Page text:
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Educational Reform

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Essay title: Educational Reform

Gifted Educational Reform Program

PROPOSAL: A reform program that is to be put in place to revitalize the deteriorating Cleveland school system, while at the same time enhancing the national collegiate society.

It is no small secret that the Cleveland schools are in shambles. Financially, the schools report bigger deficits almost every single year, and we continue to elect mayors and council members with even bigger promises to fix them. It has become increasingly clear that we are unable to put a legislative program in place that works, even temporarily. All that is being done is asking for more issues to be voted on. This proposal aims to correct that, and if successful, could be implemented nationally, which in turn would yield more achievement.

In order to fully understand how to fix the problems of Cleveland public schools it is obviously necessary to realize what the problems are. Cleveland Municipal School District is clearly in trouble on more than one front. It remains well short of where it ought to be; students trail state averages by large margins in nearly every major academic area. It is equally clear, however, that the district is doing vastly better than it was in 1998, when district control was given over to the mayor and CEO Barbara Byrd-Bennett was recruited from New York to run the operation. Since 1998, the district says its graduation rate has climbed from 28 percent to around 50 percent (this statistic alone proves nothing as better record keeping seems to have influenced graduation as much as increased performance). A better indicator of improvement, performance on state proficiency tests, provides similar information about the district; the critical subjects of math and reading have shown remarkable improvement throughout the grade range, but especially in the elementary grade levels. While performance on these tests is still far behind state averages, scores in the district have improved in some areas by as much as 160 percent from 1998 to 2003. So while student performance is still a big problem in the Cleveland city schools, a bigger problem is funding. Simply maintaining the current level of performance, let alone improving performance, will almost definitely cost more money, not less. It is not just increasing health-care costs that are to blame either. The current funding system has been declared unconstitutional and yet it remains mostly unchanged. Already struggling Cleveland taxpayers continue to falter in their support of the system. Privately run but tax-funded charter schools that have already taken $150 million from the district’s operating funds in the last seven years are expected to take another $324 million over the next four years. To add to all of these funding problems, Cleveland officials, for whatever reason, admittedly waited at least four years too long before seeking a tax increase in November of 2004, slowing down funding advancement even more.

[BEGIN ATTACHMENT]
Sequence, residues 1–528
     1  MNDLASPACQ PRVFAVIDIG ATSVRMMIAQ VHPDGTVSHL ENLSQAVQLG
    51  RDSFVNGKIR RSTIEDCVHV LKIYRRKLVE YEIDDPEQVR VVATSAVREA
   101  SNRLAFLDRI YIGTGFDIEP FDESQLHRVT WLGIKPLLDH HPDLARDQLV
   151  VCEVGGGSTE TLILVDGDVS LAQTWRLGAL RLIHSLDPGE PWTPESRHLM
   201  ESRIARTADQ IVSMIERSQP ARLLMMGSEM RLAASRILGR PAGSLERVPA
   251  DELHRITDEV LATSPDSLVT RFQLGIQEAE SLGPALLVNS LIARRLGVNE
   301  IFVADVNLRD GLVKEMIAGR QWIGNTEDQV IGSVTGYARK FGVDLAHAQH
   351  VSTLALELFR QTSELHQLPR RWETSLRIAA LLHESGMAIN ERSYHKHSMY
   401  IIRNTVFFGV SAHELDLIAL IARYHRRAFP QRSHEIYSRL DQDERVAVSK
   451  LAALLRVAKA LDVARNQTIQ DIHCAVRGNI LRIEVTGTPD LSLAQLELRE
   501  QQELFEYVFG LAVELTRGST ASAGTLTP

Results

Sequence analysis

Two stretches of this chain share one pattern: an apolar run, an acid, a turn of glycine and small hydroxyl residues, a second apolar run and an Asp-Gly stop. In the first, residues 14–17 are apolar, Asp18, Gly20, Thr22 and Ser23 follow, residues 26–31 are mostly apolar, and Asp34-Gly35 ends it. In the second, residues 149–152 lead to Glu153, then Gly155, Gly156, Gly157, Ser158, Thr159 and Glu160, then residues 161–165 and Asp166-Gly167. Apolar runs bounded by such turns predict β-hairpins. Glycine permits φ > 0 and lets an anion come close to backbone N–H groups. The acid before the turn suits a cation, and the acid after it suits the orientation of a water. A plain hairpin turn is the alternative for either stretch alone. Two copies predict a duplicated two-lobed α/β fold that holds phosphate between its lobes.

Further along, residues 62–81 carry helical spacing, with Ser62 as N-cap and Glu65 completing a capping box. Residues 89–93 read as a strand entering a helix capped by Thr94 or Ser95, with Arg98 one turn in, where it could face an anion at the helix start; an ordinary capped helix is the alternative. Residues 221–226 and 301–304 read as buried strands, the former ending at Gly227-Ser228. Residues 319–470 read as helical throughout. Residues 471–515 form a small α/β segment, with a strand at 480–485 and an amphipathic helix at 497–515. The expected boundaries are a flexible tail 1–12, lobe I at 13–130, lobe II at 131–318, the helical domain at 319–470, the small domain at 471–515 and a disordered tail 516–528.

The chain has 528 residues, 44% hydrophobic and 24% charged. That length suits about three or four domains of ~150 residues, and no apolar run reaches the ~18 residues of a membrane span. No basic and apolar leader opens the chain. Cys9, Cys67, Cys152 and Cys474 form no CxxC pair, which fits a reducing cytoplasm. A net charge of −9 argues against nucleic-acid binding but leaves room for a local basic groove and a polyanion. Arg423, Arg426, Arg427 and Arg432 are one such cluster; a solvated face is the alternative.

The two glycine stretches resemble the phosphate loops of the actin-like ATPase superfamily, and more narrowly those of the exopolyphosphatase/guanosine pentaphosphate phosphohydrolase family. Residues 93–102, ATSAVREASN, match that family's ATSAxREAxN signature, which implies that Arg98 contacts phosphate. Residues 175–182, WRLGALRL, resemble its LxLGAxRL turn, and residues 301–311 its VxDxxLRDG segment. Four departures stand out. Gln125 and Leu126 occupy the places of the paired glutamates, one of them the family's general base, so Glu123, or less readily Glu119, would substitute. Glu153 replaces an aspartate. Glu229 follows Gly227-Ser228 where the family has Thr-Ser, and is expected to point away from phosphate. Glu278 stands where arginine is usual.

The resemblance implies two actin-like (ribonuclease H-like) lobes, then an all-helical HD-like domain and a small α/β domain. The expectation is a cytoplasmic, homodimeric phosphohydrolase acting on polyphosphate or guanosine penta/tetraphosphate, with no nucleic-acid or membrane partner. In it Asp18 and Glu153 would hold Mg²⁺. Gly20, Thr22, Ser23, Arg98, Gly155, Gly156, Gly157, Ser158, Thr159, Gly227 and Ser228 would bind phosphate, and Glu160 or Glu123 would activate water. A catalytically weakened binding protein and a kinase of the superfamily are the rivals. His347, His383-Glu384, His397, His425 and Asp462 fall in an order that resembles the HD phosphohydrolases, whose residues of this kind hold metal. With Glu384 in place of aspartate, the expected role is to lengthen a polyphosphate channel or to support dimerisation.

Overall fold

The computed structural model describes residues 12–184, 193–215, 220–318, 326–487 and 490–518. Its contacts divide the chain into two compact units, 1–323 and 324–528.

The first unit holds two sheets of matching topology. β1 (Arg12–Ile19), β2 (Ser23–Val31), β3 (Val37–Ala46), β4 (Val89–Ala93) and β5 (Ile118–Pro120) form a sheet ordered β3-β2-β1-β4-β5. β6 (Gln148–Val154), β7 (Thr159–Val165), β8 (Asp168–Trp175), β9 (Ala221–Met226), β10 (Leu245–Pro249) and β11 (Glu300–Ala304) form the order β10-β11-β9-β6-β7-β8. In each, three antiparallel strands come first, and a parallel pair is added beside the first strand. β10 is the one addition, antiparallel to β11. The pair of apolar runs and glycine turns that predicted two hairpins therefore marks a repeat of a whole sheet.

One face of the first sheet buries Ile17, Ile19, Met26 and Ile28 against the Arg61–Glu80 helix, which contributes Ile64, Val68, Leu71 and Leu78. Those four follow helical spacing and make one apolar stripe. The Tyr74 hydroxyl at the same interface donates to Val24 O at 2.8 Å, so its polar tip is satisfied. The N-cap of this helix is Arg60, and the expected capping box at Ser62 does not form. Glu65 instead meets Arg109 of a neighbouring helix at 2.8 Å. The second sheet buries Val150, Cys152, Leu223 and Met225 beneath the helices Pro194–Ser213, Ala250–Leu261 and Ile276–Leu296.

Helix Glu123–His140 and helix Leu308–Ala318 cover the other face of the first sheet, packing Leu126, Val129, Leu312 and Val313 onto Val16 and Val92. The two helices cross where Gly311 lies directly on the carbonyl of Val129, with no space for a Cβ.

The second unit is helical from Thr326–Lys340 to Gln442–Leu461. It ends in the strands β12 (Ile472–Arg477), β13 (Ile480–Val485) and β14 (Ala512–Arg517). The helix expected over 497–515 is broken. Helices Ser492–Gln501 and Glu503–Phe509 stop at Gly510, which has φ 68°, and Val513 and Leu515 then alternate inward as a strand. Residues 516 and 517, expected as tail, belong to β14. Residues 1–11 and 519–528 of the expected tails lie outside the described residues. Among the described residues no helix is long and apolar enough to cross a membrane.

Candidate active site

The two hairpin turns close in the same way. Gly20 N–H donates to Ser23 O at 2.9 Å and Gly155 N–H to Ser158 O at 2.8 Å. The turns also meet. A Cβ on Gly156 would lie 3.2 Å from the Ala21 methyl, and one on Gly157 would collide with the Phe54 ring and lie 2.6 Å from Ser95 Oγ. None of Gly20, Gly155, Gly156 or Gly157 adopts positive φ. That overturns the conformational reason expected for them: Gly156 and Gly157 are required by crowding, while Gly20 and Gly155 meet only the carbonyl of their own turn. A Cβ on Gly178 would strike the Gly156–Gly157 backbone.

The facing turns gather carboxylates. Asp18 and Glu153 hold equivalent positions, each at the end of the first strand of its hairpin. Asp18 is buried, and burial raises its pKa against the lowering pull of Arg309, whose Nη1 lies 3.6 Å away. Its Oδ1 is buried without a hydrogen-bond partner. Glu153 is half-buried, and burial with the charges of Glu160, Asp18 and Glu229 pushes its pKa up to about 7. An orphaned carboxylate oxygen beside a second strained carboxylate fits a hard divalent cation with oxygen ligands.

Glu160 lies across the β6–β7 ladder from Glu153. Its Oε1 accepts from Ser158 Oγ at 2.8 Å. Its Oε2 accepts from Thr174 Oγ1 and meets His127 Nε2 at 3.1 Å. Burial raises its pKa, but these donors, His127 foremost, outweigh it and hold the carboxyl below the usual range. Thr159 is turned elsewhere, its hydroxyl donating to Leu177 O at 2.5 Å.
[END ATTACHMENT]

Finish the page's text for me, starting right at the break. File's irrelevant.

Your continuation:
We propose an educational voucher program of sorts, but not in the traditional sense. Our program will institute an honors educational system, which sets up the top percentage from each of the inner city schools, and places them into a ‘gifted’ program.

Of course, taking the brightest out of the regular classrooms and placing them in “gifted” classes in and of itself is not enough to improve the school system. Removing any contact of these children with other students could result in prejudices, conflict among peers, and no hope for the rest of the student population. Instead, we want to incorporate the skills and abilities of our brightest into the rest of the school. This is where we implement the Tutoring Program. Students with less than satisfactory grades will be required to attend mandatory tutoring sessions until they show significant improvement in their studies. These students will be paired up with children from the gifted classes who will provide assistance and help the struggling students with their work. Tutoring does not necessary have to take place after school as this interferes with extracurricular activities. Instead, tutoring sessions will replace study halls, which for most students, sorry to say, are already a waste of time.

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